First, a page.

Gillespie et al v. Prestige Royal Liquors Corp. et al

Filing 90

ORDER GRANTING 75 MOTION TO DISMISS IN PART AND DENYING IN PART. ORDER TRANSFERRING CASE to So. District of New York. Civil Case Terminated. Signed by Judge Haywood S. Gilliam, Jr. on 7/31/2017. (ndrS, COURT STAFF) (Filed on 7/31/2017)[Transferred from California Northern on 8/2/2017.]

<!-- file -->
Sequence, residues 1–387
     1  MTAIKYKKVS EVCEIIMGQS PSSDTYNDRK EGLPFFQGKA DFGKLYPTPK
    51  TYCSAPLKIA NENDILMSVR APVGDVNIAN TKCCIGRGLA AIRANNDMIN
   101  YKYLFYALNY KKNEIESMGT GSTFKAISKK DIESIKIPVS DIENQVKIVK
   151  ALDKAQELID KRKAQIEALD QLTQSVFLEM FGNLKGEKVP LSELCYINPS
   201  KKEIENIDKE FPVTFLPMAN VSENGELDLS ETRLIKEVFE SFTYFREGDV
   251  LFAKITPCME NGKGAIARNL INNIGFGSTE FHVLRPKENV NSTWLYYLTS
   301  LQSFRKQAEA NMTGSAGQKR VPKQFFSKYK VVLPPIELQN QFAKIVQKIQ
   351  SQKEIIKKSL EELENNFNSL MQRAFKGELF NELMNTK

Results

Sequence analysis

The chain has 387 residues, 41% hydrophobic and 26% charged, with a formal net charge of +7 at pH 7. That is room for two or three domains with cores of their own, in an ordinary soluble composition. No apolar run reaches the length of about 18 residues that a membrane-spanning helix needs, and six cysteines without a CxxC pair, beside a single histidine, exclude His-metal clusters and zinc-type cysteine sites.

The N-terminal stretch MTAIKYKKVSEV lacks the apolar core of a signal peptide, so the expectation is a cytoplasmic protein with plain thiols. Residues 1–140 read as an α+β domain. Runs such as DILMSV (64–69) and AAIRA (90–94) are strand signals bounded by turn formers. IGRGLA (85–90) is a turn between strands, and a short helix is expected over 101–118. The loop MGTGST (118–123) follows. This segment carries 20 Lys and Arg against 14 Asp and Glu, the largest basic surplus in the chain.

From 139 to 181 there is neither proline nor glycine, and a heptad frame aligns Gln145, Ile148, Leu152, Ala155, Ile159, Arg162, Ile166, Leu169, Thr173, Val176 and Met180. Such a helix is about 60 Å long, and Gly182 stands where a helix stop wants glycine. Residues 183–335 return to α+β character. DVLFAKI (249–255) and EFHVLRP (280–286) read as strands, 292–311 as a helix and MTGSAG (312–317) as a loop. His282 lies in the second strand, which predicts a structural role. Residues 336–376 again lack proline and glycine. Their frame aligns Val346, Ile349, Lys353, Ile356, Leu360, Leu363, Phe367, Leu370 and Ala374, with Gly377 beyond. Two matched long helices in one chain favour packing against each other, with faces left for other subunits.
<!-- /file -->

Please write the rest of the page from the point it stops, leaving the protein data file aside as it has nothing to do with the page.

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1 2 3 4 UNITED STATES DISTRICT COURT 5 NORTHERN DISTRICT OF CALIFORNIA 6 7 ELLIOTT GILLESPIE, et al., Plaintiffs, 8 ORDER GRANTING MOTION TO v. 9 DISMISS IN PART AND DENYING IN 10 PRESTIGE ROYAL LIQUORS CORP., et al., 11 Defendants. United States District Court Northern District of California Case No. 16-cv-02392-HSG 12 13 PART Re: Dkt. No. 75 Pending before the Court is a motion to dismiss for lack of personal jurisdiction and for 14 improper venue brought by Defendants Gabriel Sezanayev and Prestige Royal Liquors, Corp. 15 (“PRL”). Dkt. No. 75 (“Mot.”).1 For the reasons detailed below, the Court GRANTS the motion 16 in part and transfers venue to the Southern District of New York. 17 I. 18 BACKGROUND This action arises out of a patent dispute regarding the design of a beverage container 19 shaped like a solid gold bar. On May 2, 2016, Plaintiffs Elliott Gillespie and Rockwood Spirits 20 International filed a complaint seeking: (1) a declaration that Plaintiffs are not infringing 21 Defendants’ design patents; (2) a declaration that Defendants’ patents are invalid and 22 unenforceable; and (3) an injunction against, and damages for, infringing Plaintiffs’ own design 23 patents. See Dkt. No. 1. Plaintiffs then filed an amended complaint on February 17, 2017. See 24 25 26 27 28 1 Defendants initially filed their renewed motion to dismiss on February 21, 2017. See Dkt. No. 74. However, that motion was over the page limit, so Defendants filed an amended motion the next day that was within the page limit. See Dkt. Nos. 75 (amended motion), 80 at 1(“Reply”); cf. Civil L.R. 7-4. Plaintiffs ask the Court to strike the amended motion because Defendants did not seek permission to file it. Dkt. No. 78 (“Opp.”) at 7. The Court finds that the two motions are substantively the same and the Court’s analysis would also be the same for either motion. Accordingly, the Court considers Dkt. No. 75 for purposes of this order. 1 Dkt. No. 73 (“FAC”). According to the amended complaint, Plaintiff Gillespie resides in Canada and is the 2 3 president and majority shareholder of Rockwood Spirits, a Canadian company with its principal 4 place of business in Ottawa, Canada. FAC ¶¶ 4, 7. Rockwood Spirits designs, manufactures, 5 produces, and sells products. Id. ¶ 7. Gillespie has offices and a distillery located in San 6 Francisco, California. Id. ¶ 4. Plaintiffs manufacture and sell their products, including Gold Bar 7 Whiskey, which is sold in a gold-bar-shaped bottle, to customers in the United States. Id. ¶¶ 1–2. 8 Gillespie filed a patent application for his bottle in July of 2009, and was granted a design patent 9 on August 16, 2011. Id. ¶ 25. Defendant Sezanayev resides in New York and is the vice president and CEO of PRL, a 10 United States District Court Northern District of California 11 corporation with its principal place of business in New York. Id. ¶¶ 8, 10. Defendants sell 12 beverages, including 3 Kilos Vodka, which is also sold in a gold-bar-shaped bottle. Id. ¶¶ 32–35. 13 Sezanayev filed a patent application for his bottle in March of 2015, and was granted design 14 patents in 2016. Dkt. No. 31-1. On March 22, 2016, Plaintiffs’ Gold Bar Whiskey and 15 Defendants’ 3 Kilos Vodka were displayed at the same trade show. FAC ¶ 35. On April 1, 2016, 16 Defendants sent Gillespie a cease and desist letter, alleging that Plaintiffs’ Gold Bar Whiskey 17 infringed on Defendants’ design patents. Id. ¶ 27. Defendants filed their first motion to dismiss the original complaint for lack of personal 18 19 jurisdiction and improper venue on July 7, 2016. Dkt. No. 31. The Court denied the motion 20 without prejudice and ordered the parties to engage in jurisdictional discovery. Dkt. No. 51. 21 Defendants then filed their renewed motion to dismiss on the same grounds on February 22, 2017. 22 See Mot. In their amended motion, Defendants also request, in the alternative, an order 23 transferring the action to the United States District Court for the Southern District of New York. 24 Id. at 1. 25 26 II. DISCUSSION The Court first addresses Defendants’ contention that the Court lacks personal jurisdiction 27 over this action and then turns to Defendants’ next contention that the U.S. District Court for the 28 Northern District of California is an improper venue. See Leroy v. Great W. United Corp., 443 2 1 U.S. 173, 180 (1979) (“The question of personal jurisdiction, which goes to the court’s power to 2 exercise control over the parties, is typically decided in advance of venue, which is primarily a 3 matter of choosing a convenient forum.”). 4 A. 5 6 Personal Jurisdiction i. Legal Standard Federal Circuit law governs the personal jurisdiction analysis in an action “intimately 7 related to patent law.” Breckenridge Pharm., Inc. v. Metabolite Labs., Inc., 444 F.3d 1356, 1361 8 (Fed. Cir. 2006). In analyzing personal jurisdiction, the Federal Circuit engages in a two-part 9 inquiry: (1) whether the state’s long-arm statute authorizes service of process on the defendant and (2) whether the exercise of jurisdiction comports with due process. Celgard, LLC v. SK 11 United States District Court Northern District of California 10 Innovation Co., 792 F.3d 1373, 1377 (Fed. Cir. 2015). 12 Where a state, like California, “authorize[s] its courts to exercise jurisdiction over persons 13 on any basis not inconsistent with . . . the Constitution of the United States,” see Walden v. Fiore, 14 134 S. Ct. 1115, 1121 (2014), federal courts must determine whether the exercise of jurisdiction 15 over a defendant “comports with the limits imposed by federal due process.” Daimler AG v. 16 Bauman, 134 S. Ct. 746, 753 (2014); Inamed Corp. v. Kuzmak, 249 F.3d 1356, 1360 (Fed. Cir. 17 2001) (“[B]ecause California’s long-arm statute is coextensive with the limits of due process, the 18 two inquiries collapse into a single inquiry: whether jurisdiction comports with due process.”). 19 “Due process requires that the defendant have sufficient ‘minimum contacts with [the forum state] 20 such that maintenance of the suit does not offend traditional notions of fair play and substantial 21 justice.’” Celgard, 792 F.3d at 1377 (quoting Int’l Shoe Co. v. Washington, 326 U.S. 310, 316 22 (1945)). 23 A plaintiff may invoke one of two categories of personal jurisdiction: either general or 24 specific. Ranza v. Nike, Inc., 793 F.3d 1059, 1068 (9th Cir. 2015). Specific jurisdiction exists if: 25 (1) the defendant has performed some act or consummated some transaction with the forum by 26 which it purposefully availed itself of the privilege of conducting business in California; (2) the 27 plaintiff’s claims arise out of or result from the defendant’s forum-related activities; and (3) the 28 exercise of jurisdiction is reasonable. Rio Properties, Inc. v. Rio Int’l Interlink, 284 F.3d 1007, 3 1 1019 (9th Cir. 2002) (citing Burger King Corp. v. Rudzewicz, 471 U.S. 462, 475–76 (1985)). 2 “When a defendant moves to dismiss for lack of personal jurisdiction, the plaintiff bears the 3 burden of demonstrating that the court has jurisdiction over the defendant.” Pebble Beach Co. v. 4 Caddy, 453 F.3d 1151, 1154 (9th Cir. 2006). Although the court “may not assume the truth of 5 allegations in a pleading which are contradicted by affidavit,” CollegeSource, Inc. v. 6 AcademyOne, Inc., 653 F.3d 1066, 1073 (9th Cir. 2011) (quotation omitted), the court must 7 resolve conflicts between the facts contained in the parties’ affidavits in plaintiff’s favor. See 8 Schwarzenegger v. Fred Martin Motor Co., 374 F.3d 797, 800 (9th Cir. 2004). “[I]n the absence 9 of an evidentiary hearing, the plaintiff need only make a prima facie showing of jurisdictional facts to withstand the motion to dismiss.” Washington Shoe Co. v. A-Z Sporting Goods Inc., 704 11 United States District Court Northern District of California 10 F.3d 668, 671–72 (9th Cir. 2012) (quotation omitted). 12 ii. 13 Analysis a. Purposeful Availment Defendants assert that they did not have sufficient contacts with California to justify the 14 15 Court’s exercise of personal jurisdiction at the time the original complaint was filed on May 2, 16 2016.2 Mot. at 2–3. “The purposeful availment requirement ensures that a non-resident defendant 17 will not be haled into court based upon random, fortuitous, or attenuated contacts with the forum 18 state.” Rio Properties, 284 F.3d at 1019. A non-resident defendant purposefully avails itself of 19 the forum if its contacts with the forum are attributable to (1) intentional acts; (2) expressly aimed 20 at the forum; (3) that cause harm, the brunt of which is suffered — and which the defendant knows 21 is likely to be suffered — in the forum. Id. Several facts indicate that Defendants have personally availed themselves of the benefits 22 23 and protections of California: 24 25 26 27 28 2 Plaintiffs argue that the Court may analyze personal jurisdiction from the filing date of the amended complaint (February 2017), and accordingly may rely on any conduct that occurred through that filing date. Opp. at 7. Defendants, on the other hand, argue that the Court must analyze jurisdiction from the filing date of the initial complaint (May 2016) and may not rely on any facts after that date. Reply at 2. Because the Court concludes that it has personal jurisdiction based on alleged conduct that occurred prior to the initial complaint, the Court declines to reach this issue. 4 1  reseller Liquor Wine Warehouse prior to May 2, 2016. See FAC, Ex. E. 2 3 Defendants sold their product to at least one California resident through their  Defendants communicated with that same California resident via Instagram 4 between October 6, 2015, and November 26, 2015, regarding delivery of their 5 product to California. Id.; see also id., Ex. F. Defendants confirmed that they 6 could ship their product to the customer, who then provided them with his full 7 California address in San Diego. See id., Ex. F. 8  Defendants then publicized this California purchase on their social media accounts with a picture of the customer and the caption: “[a] very patient and satisfied 9 customer from the west coast — Cali! Thank you for joining the #3kilosnation and 11 United States District Court Northern District of California 10 enjoy!” See id., Ex. H. 12  Defendants responded to several other inquiries on social media from people in 13 California asking where they could obtain the product. Id. In November 2015, one 14 person asked where he could get the product and said he was in Orange County, 15 California. Id. Defendants responded that they would ship to him. Id. In February 16 2016, Defendants told another person located in California that their product could 17 be purchased online from their distributor and that they would be launching 18 nationwide very soon. See id., Ex. K. 19 Defendants argue that Plaintiffs did little more than identify a single shipment to a single 20 California customer and that this is insufficient to establish personal jurisdiction. Mot. at 6–7. 21 Not only is this belied by the allegations identified above, but Defendants’ two authorities are also 22 inapposite. In Boschetto v. Hansing, the defendant sold a single car to a single buyer in California 23 on eBay. 539 F.3d 1011, 1014 (9th Cir. 2008). The eBay listing indicated that the car was located 24 in Janesville, Wisconsin, and the parties arranged over email for transport from Wisconsin to 25 California. Id. The court declined to exercise jurisdiction for a “one-time contract for the sale of a 26 good that involved the forum state only because that is where the purchaser happened to reside.” 27 Id. at 1019. And in AFTG-TG, LLC v. Nuvoton Tech. Corp., the plaintiff alleged nothing more 28 than a conclusory “stream of commerce” argument. 689 F.3d 1358, 1361, 1365 (Fed. Cir. 2012). 5 1 Here, in contrast, Defendants were ramping up their nationwide sales and specifically 2 highlighted the California purchase in their online advertising campaign. See FAC, Ex. H, K. 3 They also continued to respond to prospective California purchasers in an effort to ship to them or 4 direct them to Defendants’ online distributor. Id. This is not the “random, fortuitous, or 5 attenuated contacts with the forum state” against which the purposeful availment requirement was 6 designed to insulate. Rio Properties, 284 F.3d at 1019. The Court finds that Defendants 7 purposefully availed themselves of the privilege of conducting business in California. 8 b. Claims Arise out of Forum-Related Conduct In determining whether a plaintiff’s claims arise out of a defendant’s forum-related 10 conduct, a plaintiff must show that it would not have suffered an injury “but for” the defendant’s 11 United States District Court Northern District of California 9 forum-related activities. See Myers v. Bennett Law Offices, 238 F.3d 1068, 1075 (9th Cir. 2001). 12 Because the above-identified contacts concern the sale and advertisement of the allegedly 13 infringing product in California, Plaintiffs’ claims arise, at least in part, from Defendants’ conduct 14 directed at California. Therefore, the Court finds that the “but for” requirement is easily met here. 15 c. Reasonableness 16 The exercise of jurisdiction is reasonable if it comports with “traditional notions of fair 17 play and substantial justice.” Int’l Shoe Co., 326 U.S. at 316. The Court must consider several 18 factors in determining reasonableness: (1) the extent of a defendant’s purposeful interjection; 19 (2) the burden on the defendant in defending in the forum; (3) the extent of conflict with the 20 sovereignty of the defendant’s state; (4) the forum state’s interest in adjudicating the dispute; 21 (5) the most efficient judicial resolution of the controversy; (6) the importance of the forum to the 22 plaintiff’s interest in convenient and effective relief; and (7) the existence of an alternative forum. 23 Rio Properties, 284 F.3d at 1021. No single factor is dispositive. Id. 24 These factors all weigh in favor of the Court exercising personal jurisdiction here. As 25 discussed above, Defendants interjected themselves in California by selling to California residents 26 and advertising those sales as part of their nationwide campaign. See Sinatra v. National 27 Enquirer, 854 F.2d 1191, 1199 (9th Cir.1988) (“The factor of purposeful interjection is analogous 28 to the purposeful direction analysis . . . .”). Because the alleged patent infringement occurred, at 6 1 least in part, in California, California’s interest in adjudicating this dispute is just as strong as any 2 other forum. Defendants’ argument that the burden would be substantial to defend outside New 3 York is similarly unavailing. Several potential third-party witnesses are located in California. 4 Opp. at 28; Reply at 6–7. Moreover, “with the advances in transportation and telecommunications 5 and the increasing interstate practice of law, any burden is substantially less than in days past.” 6 Menken, 503 F.3d at 1060 (quotation omitted). Defendants have not identified any other basis for 7 the Court to conclude that exercising personal jurisdiction would be unreasonable given the facts 8 of this case. 9 B. 10 i. Legal Standard The Supreme Court has recently held that venue in patent infringement cases is governed 11 United States District Court Northern District of California Venue 12 exclusively by 28 U.S.C. § 1400(b). See TC Heartland LLC v. Kraft Foods Grp. Brands LLC, 137 13 S. Ct. 1514, 1520–21 (2017). This statute allows for any civil action related to patent 14 infringement to be brought in a judicial district (1) where the defendant resides, which for a 15 corporate defendant is a district within its state of incorporation; or (2) where the defendant has 16 committed acts of infringement and has a regular and established place of business. Id. at 1516– 17 20. 18 Even if venue is proper, a district court may transfer a civil action to any other district or 19 division where it might have been brought “[f]or the convenience of the parties and witnesses [or] 20 in the interest of justice.” 28 U.S.C. § 1404(a). The purpose of this statute is “to prevent the 21 waste of time, energy and money and to protect litigants, witnesses and the public against 22 unnecessary inconvenience and expense.” Van Dusen v. Barrack, 376 U.S. 612, 616 (1964), 23 superseded by statute on other grounds. “In patent cases, the law of the regional circuit applies 24 when considering a § 1404 motion.” Eli Lilly & Co. v. Genentech, Inc., No. 13-CV-0919 YGR, 25 2013 U.S. Dist. LEXIS 114460, at *11 (N.D. Cal. Aug. 13, 2013) (citing In re TS Tech USA 26 Corp., 551 F.3d 1315, 1319 (Fed. Cir. 2008)). 27 28 The moving party first must show that the transferee forum is “one in which the action might have been brought.” Hoffman v. Blaski, 363 U.S. 335, 344 (1960). Next, the moving party 7 1 must “demonstrate that a transfer of venue would promote the convenience of parties and 2 witnesses and the interests of justice.” Kannar v. Alticor, Inc., No. C-08-5505 MMC, 2009 WL 3 975426, at *1 (N.D. Cal. Apr. 9, 2009). At the second step, “the district court has discretion to 4 adjudicate motions for transfer according to an individualized, case-by-case consideration of 5 convenience and fairness.” Jones v. GNC Franchising, Inc., 211 F.3d 495, 498 (9th Cir. 2000) 6 (quotations omitted). The Court may consider: 7 (1) the location where the relevant agreements were negotiated and executed, (2) the state that is most familiar with the governing law, (3) the plaintiff’s choice of forum, (4) the respective parties’ contacts with the forum, (5) the contacts relating to the plaintiff's cause of action in the chosen forum, (6) the differences in the costs of litigation in the two forums, (7) the availability of compulsory process to compel attendance of unwilling non-party witnesses, and (8) the ease of access to sources of proof. 8 9 10 United States District Court Northern District of California 11 12 13 14 Id. at 498–99. ii. Analysis Here, the Northern District of California is an improper venue under § 1400(b). It is 15 undisputed that Defendants do not reside in the Northern District of California. See FAC ¶ 10. 16 And Plaintiffs have not sufficiently alleged that Defendants both infringed and have an established 17 place of business in this district. Rather, Plaintiffs allege only that several acts of infringement 18 occurred in this district. See, e.g., id., Ex. M (indicating one of Defendants’ importers shipped 30 19 cases of Defendants’ 3 Kilos Vodka to a distributor located in San Carlos, California in May 20 2016); id., Ex. K (directing advertising efforts at the state of California). This is insufficient on its 21 own to support venue. See TC Heartland, 137 S. Ct. at 1520–21. 22 In light of the lack of proper venue in this district, the Court has discretion either to dismiss 23 the case or, in the interest of justice, transfer it to a district where it could have been brought 24 initially. See 28 U.S.C. § 1406(a). Here, the Southern District of New York is undisputedly a 25 proper venue because Defendants reside there. See 28 U.S.C. § 1400(b); FAC ¶ 10; see also Mot. 26 at 14–15. Although Plaintiffs advocate for a different outcome, they do not dispute that venue 27 would be proper in that district. Accordingly, the Court exercises its discretion to transfer this 28 case to the Southern District of New York. 8 1 2 III. CONCLUSION For the foregoing reasons, the Court DENIES the motion to dismiss for lack of personal 3 jurisdiction and GRANTS IN PART the motion to dismiss for improper venue. Rather than 4 dismissing the action in its entirety, however, the Court TRANSFERS the case to the Southern 5 District of New York pursuant to 28 U.S.C. § 1406(a). The clerk is directed to transfer the case to 6 the United States District Court for the Southern District of New York and to close the case file. 7 8 9 10 IT IS SO ORDERED. Dated: 7/31/2017 ______________________________________ HAYWOOD S. GILLIAM, JR. United States District Judge United States District Court Northern District of California 11 12 13 14 15 16 17 18 19 20 21 22 23 24 25 26 27 28 9